This Breton town resists the Post Office and refuses to Frenchify the signs of its 140 localities
The town of Plouégat-Guérand (Finistère) made the Post office bend. The 3DS Law on differentiation, decentralization, deconcentration and aimed at simplifying local public action, voted by Parliament on February 8, 2022, extended the addressing obligation — clearly identifying each building —, in the municipalities of less than 2000 inhabitants. For obvious reasons of geolocation, both for postmen and for delivery people or health and emergency services. “It’s a complicated subject in our rural communities where there is a lot of dispersed housing, slips the mayor, Renaud de Clermont-Tonnerre. Sometimes with localities (there are 140 here) where there are one or two houses…”
“We are not going to sacrifice the poetry of places for a culture of far-fetched efficiency”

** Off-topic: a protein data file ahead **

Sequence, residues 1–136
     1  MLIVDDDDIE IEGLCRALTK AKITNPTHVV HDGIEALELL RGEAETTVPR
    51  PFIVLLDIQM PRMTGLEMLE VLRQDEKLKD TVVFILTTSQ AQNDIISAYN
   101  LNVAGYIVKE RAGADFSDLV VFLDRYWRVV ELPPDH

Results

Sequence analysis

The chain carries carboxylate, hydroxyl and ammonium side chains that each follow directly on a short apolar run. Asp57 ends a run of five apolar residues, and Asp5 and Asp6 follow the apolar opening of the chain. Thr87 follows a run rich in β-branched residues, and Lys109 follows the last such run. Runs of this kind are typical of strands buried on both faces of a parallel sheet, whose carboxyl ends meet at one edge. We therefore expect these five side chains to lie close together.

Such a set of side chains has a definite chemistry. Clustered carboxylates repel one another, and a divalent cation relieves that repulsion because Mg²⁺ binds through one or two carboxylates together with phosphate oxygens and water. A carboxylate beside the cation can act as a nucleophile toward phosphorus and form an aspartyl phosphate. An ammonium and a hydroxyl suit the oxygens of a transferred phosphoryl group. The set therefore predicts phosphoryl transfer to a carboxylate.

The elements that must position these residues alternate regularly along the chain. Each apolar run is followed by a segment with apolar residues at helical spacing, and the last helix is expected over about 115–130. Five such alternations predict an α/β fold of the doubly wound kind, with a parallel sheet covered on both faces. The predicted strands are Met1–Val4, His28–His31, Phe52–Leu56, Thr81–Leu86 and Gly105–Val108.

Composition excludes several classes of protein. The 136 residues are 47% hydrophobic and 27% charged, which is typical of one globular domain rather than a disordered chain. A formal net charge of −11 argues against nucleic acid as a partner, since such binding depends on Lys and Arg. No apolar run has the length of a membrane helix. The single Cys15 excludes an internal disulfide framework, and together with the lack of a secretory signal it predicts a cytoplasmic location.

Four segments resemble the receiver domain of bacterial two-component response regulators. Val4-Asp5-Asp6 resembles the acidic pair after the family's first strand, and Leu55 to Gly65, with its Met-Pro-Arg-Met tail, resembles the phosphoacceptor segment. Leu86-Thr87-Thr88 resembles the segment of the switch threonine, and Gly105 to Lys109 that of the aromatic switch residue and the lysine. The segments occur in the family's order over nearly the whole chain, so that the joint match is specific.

For him as for the inhabitants, the idea of adding numbers to already existing addresses does not pose a problem. “But the postal services wanted to impose French words on us – alley, path, street, etc. — to localities, subdivisions, hamlets that have had a name and a history for generations. Refusal of the municipality, which pleaded that the law allows to keep the original names, as long as the houses are numbered, therefore identified.
What will happen in case of ****nymy? “We will add a precision, advances the city councilor. Kermaria, a locality that was built over several periods and where there are streets and dead ends that do not touch each other, could become Kermaria Nevez (new), or Kermaria Coz (old), Kervella Huella (top) or Kervella Izella (bottom). There are solutions that make it possible to stay within the law, and we are not going to sacrifice the poetry of places for a far-fetched culture of efficiency! »
The mayor has since been contacted by many Breton municipalities, some for whom it was already too late, but others who have inquired to follow his example.